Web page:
From Our Readers
Thank you for the article “They Resisted Rapists.” (February 22, 1984) Eleven years ago I was attacked by the son of people I cleaned house for. I was only 16 years old at the time. I remembered that I must scream and not give in to him. I bit his lip and tried to scream but he yanked my hair and put his hand over my mouth. I tried to bite again and I also prayed to Jehovah to help me in my fight. I kept struggling until he suddenly got up and sat in a chair, staring at me. Then he left the house. I feel that it is important to note that he wasn’t a total stranger to me. It is good for women to be on their guard and think ahead as to what they would do if such a nightmare should ever befall them.
C. H., Illinois
I was deeply disturbed by the article “They Resisted Rapists.” I am very upset that anyone would even consider a victim of rape guilty of fornication. The scripture at Deuteronomy that you quote only requires that the woman scream, not fight to the death!
C. W., Indiana
Thank you for your article “They Resisted Rapists.” I really appreciated its fine counsel to “use our lungs,” and treat the rapist respectfully. I also found enlightening the experiences of those women who resisted the rapist successfully.
T. C., Florida
Your article “They Resisted Rapists” disturbed me very much. I was raped by a man who attacked me with a knife. I could only scream once because of being choked and having a large hand pressed against my mouth. I fought until I was unconscious. Because I survived, it disturbs me that it is fornication on my part. You say to show a rapist respect. These men show no respect for their victim. They don’t care that they are shattering a woman, leaving in her memory horror for the rest of her life. Unless you have personally experienced the horror of this crime, you can never truly understand.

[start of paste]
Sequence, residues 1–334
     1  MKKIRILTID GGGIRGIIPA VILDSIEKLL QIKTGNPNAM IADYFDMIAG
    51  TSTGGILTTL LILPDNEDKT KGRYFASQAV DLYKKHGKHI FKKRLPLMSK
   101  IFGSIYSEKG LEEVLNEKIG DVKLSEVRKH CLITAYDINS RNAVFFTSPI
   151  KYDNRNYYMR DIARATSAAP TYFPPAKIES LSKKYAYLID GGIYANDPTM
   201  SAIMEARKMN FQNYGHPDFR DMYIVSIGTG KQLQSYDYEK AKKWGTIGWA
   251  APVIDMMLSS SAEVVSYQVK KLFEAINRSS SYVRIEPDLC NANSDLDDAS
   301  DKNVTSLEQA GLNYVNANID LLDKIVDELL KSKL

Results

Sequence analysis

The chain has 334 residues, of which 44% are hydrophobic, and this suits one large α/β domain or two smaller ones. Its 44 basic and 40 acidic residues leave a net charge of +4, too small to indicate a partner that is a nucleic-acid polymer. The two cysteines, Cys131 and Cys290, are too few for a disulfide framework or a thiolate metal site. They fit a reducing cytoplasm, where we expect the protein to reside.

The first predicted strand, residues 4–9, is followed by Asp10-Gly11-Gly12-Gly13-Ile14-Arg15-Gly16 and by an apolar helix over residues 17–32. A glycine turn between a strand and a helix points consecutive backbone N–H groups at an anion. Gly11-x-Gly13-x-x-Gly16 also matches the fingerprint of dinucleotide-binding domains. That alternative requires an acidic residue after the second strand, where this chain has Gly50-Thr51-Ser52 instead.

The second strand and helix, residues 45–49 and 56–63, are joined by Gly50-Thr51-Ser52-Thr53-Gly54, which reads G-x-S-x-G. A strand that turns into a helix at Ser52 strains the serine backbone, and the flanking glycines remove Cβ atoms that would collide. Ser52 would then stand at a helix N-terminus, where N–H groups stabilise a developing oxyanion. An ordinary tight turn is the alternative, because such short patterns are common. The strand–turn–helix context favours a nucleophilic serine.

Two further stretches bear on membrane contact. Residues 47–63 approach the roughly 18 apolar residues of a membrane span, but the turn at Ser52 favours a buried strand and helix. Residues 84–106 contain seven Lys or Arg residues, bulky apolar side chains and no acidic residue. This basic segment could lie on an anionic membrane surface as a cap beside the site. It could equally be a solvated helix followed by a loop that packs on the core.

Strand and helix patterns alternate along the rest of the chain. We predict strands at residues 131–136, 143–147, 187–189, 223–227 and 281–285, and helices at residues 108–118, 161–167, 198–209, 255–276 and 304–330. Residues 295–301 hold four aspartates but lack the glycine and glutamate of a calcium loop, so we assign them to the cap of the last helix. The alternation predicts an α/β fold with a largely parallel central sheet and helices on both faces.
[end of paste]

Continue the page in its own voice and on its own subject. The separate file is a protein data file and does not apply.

A. G., Massachusetts
For the victim to be considered guilty of fornication there would need to be proof of willing consent. Apparently the requirement of Deuteronomy 22:25-27 for the woman to resist by screaming would clear her from any suspicion of such consent on her part. The value of resisting was emphasized by University of Illinois sociologist Pauline Bart who made a study of women who foiled rapes. In her studies, as reported in “The Edmonton Journal” of Canada (November 10, 1983), she states: “By fighting back, a woman significantly increases her chance of avoiding rape . . . Not resisting is no guarantee of humane treatment.” She further stated: “Raped women who used physical strategies were less likely to be depressed than raped women who did not physically resist their assailants.” As to showing respect for the potential rapist, it is not that he deserves it, but treating him civilly might help to elicit a considerate response and serve as a means for the potential victim to get out of a very dangerous situation.—ED.